Growing up in a war-torn country and contracting a very rare type of cancer, Nassim Taleb became fixed on the idea that catastrophe is more common than most people think—an idea which made him a fortune on Wall Street.
Malcolm Gladwell: I wrote about him years ago and he has since become quite famous because basically before the financial crash he was one of those people saying it’s all going to come down. He was a guy on Wall Street and he ran a hedge fund and his obsession was with the notion that extreme events are more likely than you think. People on Wall Street all had a kind of expectation of how often there would be a catastrophe; they would say it’s a once in a lifetime event, it’s a once in a thousand year event and they had models built on that probability and Nassim would always say—this was back in 2006—it’s not a one in thousand year event, it’s a one in a 10 year event. He was very interested in the sort of on a psychological notion: why is it that human beings are so eager to pretend in the face of all evidence to the contrary that catastrophes are infrequent.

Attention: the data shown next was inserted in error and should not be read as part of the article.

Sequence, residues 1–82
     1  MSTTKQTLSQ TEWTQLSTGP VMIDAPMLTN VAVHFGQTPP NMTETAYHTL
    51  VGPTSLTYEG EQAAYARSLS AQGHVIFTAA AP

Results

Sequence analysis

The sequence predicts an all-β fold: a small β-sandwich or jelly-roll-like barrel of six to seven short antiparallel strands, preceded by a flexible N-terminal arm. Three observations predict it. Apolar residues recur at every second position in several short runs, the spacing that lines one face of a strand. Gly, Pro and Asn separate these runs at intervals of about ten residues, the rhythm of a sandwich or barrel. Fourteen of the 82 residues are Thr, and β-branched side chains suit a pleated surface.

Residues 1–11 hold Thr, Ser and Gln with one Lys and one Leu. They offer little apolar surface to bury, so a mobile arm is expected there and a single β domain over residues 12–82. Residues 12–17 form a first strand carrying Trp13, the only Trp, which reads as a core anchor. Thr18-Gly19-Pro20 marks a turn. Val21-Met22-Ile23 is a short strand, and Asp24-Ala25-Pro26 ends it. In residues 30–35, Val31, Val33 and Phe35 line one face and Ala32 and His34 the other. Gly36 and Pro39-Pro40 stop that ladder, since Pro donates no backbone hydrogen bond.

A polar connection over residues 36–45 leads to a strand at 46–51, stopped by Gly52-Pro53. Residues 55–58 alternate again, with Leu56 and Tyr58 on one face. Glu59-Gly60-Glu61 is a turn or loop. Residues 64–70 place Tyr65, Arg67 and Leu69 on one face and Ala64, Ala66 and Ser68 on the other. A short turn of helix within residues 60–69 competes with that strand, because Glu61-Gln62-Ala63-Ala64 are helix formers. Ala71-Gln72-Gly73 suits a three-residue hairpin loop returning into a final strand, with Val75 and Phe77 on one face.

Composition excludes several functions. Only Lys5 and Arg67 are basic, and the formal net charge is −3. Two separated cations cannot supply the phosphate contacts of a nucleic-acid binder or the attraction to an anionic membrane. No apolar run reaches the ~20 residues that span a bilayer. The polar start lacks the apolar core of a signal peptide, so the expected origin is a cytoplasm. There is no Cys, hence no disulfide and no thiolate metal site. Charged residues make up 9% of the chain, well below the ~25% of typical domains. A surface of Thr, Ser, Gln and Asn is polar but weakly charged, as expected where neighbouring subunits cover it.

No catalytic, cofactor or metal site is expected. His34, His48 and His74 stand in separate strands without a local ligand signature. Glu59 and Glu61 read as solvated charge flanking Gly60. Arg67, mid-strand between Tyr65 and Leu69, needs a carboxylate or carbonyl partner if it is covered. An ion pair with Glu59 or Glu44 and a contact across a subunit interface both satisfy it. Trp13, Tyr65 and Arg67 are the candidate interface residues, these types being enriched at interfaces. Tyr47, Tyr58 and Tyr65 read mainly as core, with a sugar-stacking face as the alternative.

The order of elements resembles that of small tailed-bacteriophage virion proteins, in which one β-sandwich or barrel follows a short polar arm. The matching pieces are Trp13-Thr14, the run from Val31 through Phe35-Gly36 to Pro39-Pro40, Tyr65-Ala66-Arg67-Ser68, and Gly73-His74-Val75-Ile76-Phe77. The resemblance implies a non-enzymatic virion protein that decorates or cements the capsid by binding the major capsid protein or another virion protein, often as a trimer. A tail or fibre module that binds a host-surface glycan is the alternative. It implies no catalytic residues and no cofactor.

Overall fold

This was something that grew out of his personal background. His family came from Lebanon, a country that was routinely visited by catastrophe over and over again. He'd had some close brush with death from some weird, rare kind of cancer that he should never have gotten. All these things kind of familiarized himself with the notion that catastrophe was common. Out of that he kind of developed a sort of business model for this. He began to build a hedge fund, which made money when the unlikely happened. On most days, it would lose money and then when there was a market crash it would make hundreds of millions, even billions. Sure enough when the stock market crashed Nassim made some astonishing amount of money for himself and his investors.
He compelled himself to live in the least pleasant of all worlds.
Recorded December 16, 2010
Interviewed by Max Miller
Directed by Jonathan Fowler
Produced by Elizabeth Rodd